It's a Monday, a rather grey beginning of the week. In the morning of 21 April 1969, the gentlemen of the FIA passed through the gate in Zuffenhausen. First they see the brick building which has hardly changed until today. Then they look to the left at the white fleet. 25 Porsche 917 are meticulously lined up for acceptance. Hermann Burst remembers: "The gentlemen remained in shock, so overwhelmed were they by the sight of the 25 racing cars.”
Five decades later, a Monday is grey again. In front of the old wind tunnel in Porsche's development center in Weissach, the air suddenly vibrates. A twelve-cylinder is brought to the right temperature with short gas bursts. In the cockpit Marc Lieb has taken his sitting position. Far forward and leaning backward sits (or lies?) - the Le Mans winner of 2016. After two or three minutes, he puts it into first gear, a jolt goes through the 917 with chassis number 001, which is the first to appear on the historical photo. Works driver Lieb rolls off towards the test track. The rumbling gets slowly goes lost between the buildings. High up in the houses heads are showing, some windows are opened. No one wants to miss this melodious performance.
Hermann Burst can keep talking. "Within four weeks we had to put 25 copies of the 917 on their wheels. It was my responsibility to make this happen." The overall project manager and responsible designer was Hans Mezger. The, today,almost 90 year-old, has created many a milestone for Porsche. The engine of the 911 is just as much a part of it as the TAG Porsche V6 Turbo. With this engine behind them, McLaren stars Niki Lauda and Alain Prost won the Formula 1 World Championship three times between 1984 and 1986. Mezger remarks: "The 917 was the biggest challenge the Porsche racing team had ever faced."
The new regulations for the Brand World Championship introduced in 1968 opened up a wonderful playground for manufacturers. Those who presented 25 identical sports cars were allowed to start in the five-litre class. With the best prospects for overall victories. The young engineer and technical director Ferdinand Piëch had had enough of class victories. He wanted to see his drivers at the top of the podium. The company, which had just turned 20 years old at the time, had only been able to do this on tight courses like the Targa Florio in Sicily. The light sports cars from Zuffenhausen were able to demonstrate their manoeuvrability there. On high-speed tracks, on the other hand, they had no chance against more powerful Ford or Ferrari.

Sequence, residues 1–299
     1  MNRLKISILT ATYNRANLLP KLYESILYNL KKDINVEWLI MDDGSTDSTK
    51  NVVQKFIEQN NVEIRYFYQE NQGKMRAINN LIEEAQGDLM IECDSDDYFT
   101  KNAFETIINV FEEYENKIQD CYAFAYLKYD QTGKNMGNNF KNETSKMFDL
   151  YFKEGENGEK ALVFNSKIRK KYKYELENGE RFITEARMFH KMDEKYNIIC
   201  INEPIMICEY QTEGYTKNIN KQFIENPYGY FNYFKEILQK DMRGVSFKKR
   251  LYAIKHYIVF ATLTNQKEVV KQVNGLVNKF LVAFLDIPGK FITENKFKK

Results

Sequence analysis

Piëch had set a clear goal in the specifications. "The 917 must win the 24 Hours of Le Mans!" In June 1968, the men around Mezger began working on a racing car that would break all Zuffenhausen standards. Five litres capacity, twelve cylinders, 580 hp. A price was also fixed: 140,000 marks.
Three quarters of a year passed from the first drawing to the first prototype. "All of us in the racing department were electrified by this project, we felt like an elite and important for the company," says Gerhard Küchle, specialist for racing engines in Zuffenhausen from 1965 to 2005 and later in the Porsche development centre in Weissach, in retrospect.
Production of the 917 began in March 1969. In plant 1, space was created in a hall. Aerodynamicist Burst hired every available man to assemble it, and employees from production were also pulled. "I introduced three-shift operation in Zuffenhausen for this project," recalls Burst. More than 50 people worked on this project. The frames, which weigh only 45 kilograms and are made of aluminium tubes, were made from a prototype by the Baur body factory in Stuttgart. The plastic bodies were manufactured by the Rastatt wagon factory and joined to the frame there. Plastic body builder Roland Bemsel emphasizes: "No 917 was like the other, no door or hood would have fitted on any other specimen."